American Elephants


Collectivism: “We’re All In This Together” Doesn’t Work. by The Elephant's Child

Andrew Klavan summed it up pretty well today:

Whatever its pretensions, whatever its claims, statism — progressivism, leftism, socialism — is based on the idea that a small elite intelligentsia can run your life better than you can. They know how to spend your money. They know how to educate your children. They know how to run your health care. They know how to protect you from yourself.

You do not have to talk to a statist very long before he will profess an intense dislike, distrust and even fear of ordinary people. Ordinary people spend money on what they want (TV’s restaurants and cars) rather than what the elite know they ought to want (aluminum foil climate change reversers). Ordinary people teach their children that God created the world rather than a random pattern of mathematic realities that came into being through another random pattern that came…  well, the elite know: it’s random patterns all the way down! Ordinary people will give jobs and business to those who earn them rather than those the elite, in their greater understanding, know are historically deserving because of past oppression. And so on.

Now, of course, with the very elite of the elite running the country, we find that — what do you know? — this statism dodge doesn’t really work all that well. And there are two reasons for this. The first is that the statist premise is wrong. In fact, ordinary people left at liberty to do as they will are actually better at running their lives and businesses and country than the geniuses in Washington. Central planning works great in the imaginations of the elite, but in the real world…  not so much.



Conservatism is Calling by The Elephant's Child

These Voices Don’t Speak for the Rest of Us! by The Elephant's Child
August 17, 2010, 6:30 am
Filed under: Capitalism, Freedom, Politics, Statism | Tags: , ,

(h/t: Ace of Spades)



Conservatives are happier people! by The Elephant's Child

Who would argue against freedom? We’re Americans, and freedom is our birthright, isn’t it? Surprisingly, a lot of people argue against freedom. Richard Thaler and Cass Sunstein have a new book out in which they suggest the term “libertarian paternalism” as an alternative to “socialism”. They don’t quite say that, but it clearly is what they have in mind. The book is Nudge: Improving Decisions About Health, Wealth, and Happiness which Roger Kimball describes thoughtfully at Pajamas Media.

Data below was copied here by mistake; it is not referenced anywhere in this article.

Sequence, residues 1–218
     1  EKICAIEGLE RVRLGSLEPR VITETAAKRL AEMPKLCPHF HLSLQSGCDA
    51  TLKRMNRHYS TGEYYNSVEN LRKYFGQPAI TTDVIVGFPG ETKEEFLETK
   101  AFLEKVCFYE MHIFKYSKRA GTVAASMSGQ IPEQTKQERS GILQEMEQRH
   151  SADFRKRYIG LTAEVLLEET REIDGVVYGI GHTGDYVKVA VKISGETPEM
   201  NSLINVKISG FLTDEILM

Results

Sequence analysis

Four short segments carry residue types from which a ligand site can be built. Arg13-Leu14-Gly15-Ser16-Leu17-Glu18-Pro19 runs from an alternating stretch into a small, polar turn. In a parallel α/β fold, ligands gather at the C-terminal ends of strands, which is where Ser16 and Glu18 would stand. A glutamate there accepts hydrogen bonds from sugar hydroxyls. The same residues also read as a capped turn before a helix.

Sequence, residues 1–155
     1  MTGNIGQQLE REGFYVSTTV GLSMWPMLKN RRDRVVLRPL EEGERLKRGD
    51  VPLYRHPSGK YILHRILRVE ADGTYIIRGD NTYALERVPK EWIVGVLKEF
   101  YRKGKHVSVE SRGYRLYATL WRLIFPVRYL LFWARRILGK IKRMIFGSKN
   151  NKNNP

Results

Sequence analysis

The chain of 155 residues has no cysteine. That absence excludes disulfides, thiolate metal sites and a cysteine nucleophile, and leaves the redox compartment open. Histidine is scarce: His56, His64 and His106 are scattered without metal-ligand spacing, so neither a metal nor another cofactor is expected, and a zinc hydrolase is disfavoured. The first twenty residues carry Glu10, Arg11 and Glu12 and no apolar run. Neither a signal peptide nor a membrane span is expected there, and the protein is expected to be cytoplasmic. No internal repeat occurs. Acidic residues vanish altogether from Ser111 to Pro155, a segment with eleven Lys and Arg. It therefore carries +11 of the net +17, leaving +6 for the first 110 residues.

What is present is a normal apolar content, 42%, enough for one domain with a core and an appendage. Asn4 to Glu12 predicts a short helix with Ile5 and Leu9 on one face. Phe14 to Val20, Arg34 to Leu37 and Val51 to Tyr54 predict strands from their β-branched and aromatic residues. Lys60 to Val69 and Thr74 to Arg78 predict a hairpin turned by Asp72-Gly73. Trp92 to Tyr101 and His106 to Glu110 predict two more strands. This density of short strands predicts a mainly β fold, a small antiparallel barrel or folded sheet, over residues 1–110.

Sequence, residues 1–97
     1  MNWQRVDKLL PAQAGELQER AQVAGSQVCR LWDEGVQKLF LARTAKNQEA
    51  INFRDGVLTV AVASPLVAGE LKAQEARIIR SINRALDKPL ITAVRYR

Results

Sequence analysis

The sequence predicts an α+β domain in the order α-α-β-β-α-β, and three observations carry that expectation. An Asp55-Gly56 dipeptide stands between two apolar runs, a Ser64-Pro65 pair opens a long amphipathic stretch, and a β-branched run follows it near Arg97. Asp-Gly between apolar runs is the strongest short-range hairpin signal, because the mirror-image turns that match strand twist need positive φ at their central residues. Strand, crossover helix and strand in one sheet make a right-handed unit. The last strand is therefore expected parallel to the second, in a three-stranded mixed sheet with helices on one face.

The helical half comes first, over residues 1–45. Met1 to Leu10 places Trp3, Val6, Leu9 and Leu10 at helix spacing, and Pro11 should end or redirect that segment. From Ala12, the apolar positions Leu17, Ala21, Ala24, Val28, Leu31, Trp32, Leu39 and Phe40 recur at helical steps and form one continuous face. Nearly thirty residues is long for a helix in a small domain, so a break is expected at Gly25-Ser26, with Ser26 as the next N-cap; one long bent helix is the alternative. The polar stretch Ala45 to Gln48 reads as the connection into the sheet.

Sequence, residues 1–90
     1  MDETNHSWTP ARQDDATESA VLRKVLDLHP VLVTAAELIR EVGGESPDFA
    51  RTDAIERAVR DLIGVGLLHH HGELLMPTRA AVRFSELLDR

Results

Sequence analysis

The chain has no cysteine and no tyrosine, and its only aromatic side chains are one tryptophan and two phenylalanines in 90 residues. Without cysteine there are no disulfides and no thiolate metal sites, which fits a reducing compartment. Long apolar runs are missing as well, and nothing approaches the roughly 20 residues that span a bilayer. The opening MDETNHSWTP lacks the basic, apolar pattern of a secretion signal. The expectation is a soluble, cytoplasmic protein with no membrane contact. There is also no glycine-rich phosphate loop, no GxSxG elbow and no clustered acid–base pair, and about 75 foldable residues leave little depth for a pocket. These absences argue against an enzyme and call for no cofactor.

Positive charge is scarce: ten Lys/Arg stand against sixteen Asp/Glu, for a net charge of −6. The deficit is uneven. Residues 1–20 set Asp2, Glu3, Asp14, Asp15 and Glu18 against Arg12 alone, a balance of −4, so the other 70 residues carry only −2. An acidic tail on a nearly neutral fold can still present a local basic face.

Professors Thaler and Sunstein want to increase the likelihood that people will make the correct decisions that are in their own self interest by giving them little “nudges” here and there. The “correct decisions” are, of course, those that the professors choose. Oddly enough, Liberals seldom grasp the idea that they are infringing upon your freedom. They are only doing it for your own good!

Freedom is, to be sure, frightening. There is no telling what values someone will choose to hold. Decent and well-meaning guardians of values were horrified by the monstrous principles of the Declaration of Independence. It is, of course, out of fear that the guardians preach the inculcation of values, fear of knowledge and thought.

Richard Mitchell

The current crop of Democrats have been telling us, over and over, for months, how completely miserable we are. We have no hope, we are losing jobs, losing income, we cannot get ahead for they keep moving the bar, and we are in the worst depression since the Great Depression. This comes just at the time that economists are declaring the housing crisis over, employment rebounding, growth returning, and the “recession” probably at an end. What a sour bunch.

In the current issue of City Journal, Arthur C. Brooks has an essay Free People Are Happy People, which is based on his new book Gross National Happiness, ” In fact,” he says, “evidence shows that freedom and happiness are strongly linked. But what kind of freedom makes Americans happiest? And what can government best do to promote freedom and help us pursue happiness, as is our inalienable right?”

Freedom and happiness are highly correlated, then; even more significant, several studies have shown that freedom causes happiness….

The data and evidence don’t prove that all kinds of freedom bring equal happiness, or that more freedom is always better than less. For example, what about economic freedom? Pundits and politicians on the left often tell us that a free economy makes for an unhappy population; the disruptions of capitalism make us insecure, and we would prefer the security of generous welfare programs and national health care. But for most people, it turns out, that isn’t true.

Liberals are not happy with this book. (Why am I not surprised) Both book and essay suggest that the Conservative emphasis on liberty makes for happier people. Rejecting the welfare state and rejecting big government pay off. Religious freedom and faith produce happier people. Property rights, freedom to operate a business, trade with other nations (are you paying attention Speaker Pelosi?) ease of investment — all are elements that add to national happiness.

But down inside, you knew that, didn’t you? Freedom is our inalienable right, and free people look to the future with optimism. It’s the people who insist that we are miserable, that the current government is the worst ever, that the country is headed in the wrong direction — and once we feel bad enough, promise that they will make us feel better. They will do all sorts of wonderful things for us, as soon as they raise our taxes, diminish our freedom and take away our liberty — well, then they’ll help us, give us hope and change things. It’s just that the change they have in mind isn’t quite what freedom-loving people had in their minds.




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